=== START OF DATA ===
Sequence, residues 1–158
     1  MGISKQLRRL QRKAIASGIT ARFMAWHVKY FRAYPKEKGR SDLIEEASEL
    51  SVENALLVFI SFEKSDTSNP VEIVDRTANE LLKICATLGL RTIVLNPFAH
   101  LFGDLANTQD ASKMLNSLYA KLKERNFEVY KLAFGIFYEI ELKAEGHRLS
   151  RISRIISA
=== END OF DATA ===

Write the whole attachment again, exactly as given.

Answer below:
Sequence, residues 1–158
     1  MGISKQLRRL QRKAIASGIT ARFMAWHVKY FRAYPKEKGR SDLIEEASEL
    51  SVENALLVFI SFEKSDTSNP VEIVDRTANE LLKICATLGL RTIVLNPFAH
   101  LFGDLANTQD ASKMLNSLYA KLKERNFEVY KLAFGIFYEI ELKAEGHRLS
   151  RISRIISA